. Gamma-secretase gene mutations in familial acne inversa. Science. 2010 Nov 19;330(6007):1065. PubMed.


Please login to recommend the paper.


Make a Comment

To make a comment you must login or register.

Comments on Primary Papers and News

  1. This work is a strong support for the central role of Aβ peptide in the causation of familial Alzheimer’s Disease (FAD) in the PSEN families. Indeed the novel mutations described here are the first examples that cause complete haploinsufficiency of PSEN. This is in contrast to the classical FAD-PSEN mutations, which are causing partial loss of function. Complete loss of function should interfere strongly with Notch signaling, but will at the same time lower all forms of Aβ generation. I would therefore predict that such patients are actually protected against AD, and it is very exciting to read that they indeed do not show any symptoms of dementia. The skin abnormalities of these patients are, in contrast, completely compatible with loss of Notch signaling.

    The observations in this paper support Mike Wolfe’s and my proposal of some years ago that the FAD mutations cause AD by “partial loss of proteolysis function” (De Strooper, 2007; Wolfe, 2007; see also DeStrooper/Davies Live Discussion, Shen/Kelleher Live Discussion). The PSEN mutations associated with FAD have indeed a qualitative effect: they only decrease the efficiency of the γ-secretase, which results in a relative shift of the Abeta profiles to longer Aβ peptides. Therefore, and although they are also loss–of-function mutations, the PSEN-FAD mutations cause AD, while the novel acne inversa mutations, which block all Aβ generation, do not.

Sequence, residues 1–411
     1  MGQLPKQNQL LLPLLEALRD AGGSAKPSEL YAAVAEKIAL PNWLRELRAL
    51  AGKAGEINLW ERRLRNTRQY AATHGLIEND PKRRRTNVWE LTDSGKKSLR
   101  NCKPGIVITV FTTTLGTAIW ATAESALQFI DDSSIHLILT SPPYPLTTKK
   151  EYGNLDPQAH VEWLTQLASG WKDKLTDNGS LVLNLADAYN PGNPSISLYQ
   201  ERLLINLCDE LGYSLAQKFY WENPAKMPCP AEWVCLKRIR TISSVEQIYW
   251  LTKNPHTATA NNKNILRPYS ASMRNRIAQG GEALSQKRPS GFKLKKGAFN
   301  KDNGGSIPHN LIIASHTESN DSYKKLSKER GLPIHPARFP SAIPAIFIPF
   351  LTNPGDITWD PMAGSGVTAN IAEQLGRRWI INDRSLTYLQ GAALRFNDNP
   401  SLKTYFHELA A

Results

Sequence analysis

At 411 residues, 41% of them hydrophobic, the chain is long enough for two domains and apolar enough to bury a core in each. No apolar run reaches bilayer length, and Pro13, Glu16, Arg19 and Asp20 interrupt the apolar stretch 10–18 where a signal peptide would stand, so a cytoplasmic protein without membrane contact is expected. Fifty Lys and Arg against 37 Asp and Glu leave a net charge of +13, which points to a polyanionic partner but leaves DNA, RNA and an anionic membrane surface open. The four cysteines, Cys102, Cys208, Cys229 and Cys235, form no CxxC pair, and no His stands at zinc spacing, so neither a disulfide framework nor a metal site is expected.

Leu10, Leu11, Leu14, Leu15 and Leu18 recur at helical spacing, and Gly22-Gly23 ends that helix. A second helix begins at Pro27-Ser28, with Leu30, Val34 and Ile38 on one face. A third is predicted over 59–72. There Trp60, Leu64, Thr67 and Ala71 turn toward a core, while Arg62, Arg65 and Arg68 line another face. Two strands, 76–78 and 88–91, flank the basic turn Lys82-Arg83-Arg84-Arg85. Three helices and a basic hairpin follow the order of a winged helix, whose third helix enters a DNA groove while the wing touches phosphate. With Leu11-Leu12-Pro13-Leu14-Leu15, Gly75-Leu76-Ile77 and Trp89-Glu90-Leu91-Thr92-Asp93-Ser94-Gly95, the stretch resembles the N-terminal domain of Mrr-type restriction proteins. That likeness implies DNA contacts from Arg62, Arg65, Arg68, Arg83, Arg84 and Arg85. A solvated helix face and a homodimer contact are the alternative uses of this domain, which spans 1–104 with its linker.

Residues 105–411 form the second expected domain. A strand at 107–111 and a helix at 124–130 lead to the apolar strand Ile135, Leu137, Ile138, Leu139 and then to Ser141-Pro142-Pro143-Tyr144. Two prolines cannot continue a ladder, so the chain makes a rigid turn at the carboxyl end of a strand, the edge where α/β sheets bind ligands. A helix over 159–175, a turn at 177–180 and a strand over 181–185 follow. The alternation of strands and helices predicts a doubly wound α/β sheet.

It is also very significant that in the acne inversa patients, mutations were described in three of the four gamma-secretase subunits, while in FAD patients mutations are observed only in the catalytic PSEN subunit. The latter are always missense mutations, causing single amino acid substitutions in most of the cases. This indicates that partial functionality of the γ-secretase is needed to cause AD.

    In conclusion: I consider this paper as very interesting evidence in favor of the hypothesis that only partial loss-of-function mutations of PSEN1&2 can cause FAD and that they necessarily operate via changing the Aβ profiles (see Bentahir et al., 2006; De Strooper, 2007; Kuperstein et al., 2010). Deficiency of the Notch or other signaling pathways regulated by γ-secretase is thus clearly not sufficient to cause AD.

    View all comments by Bart De Strooper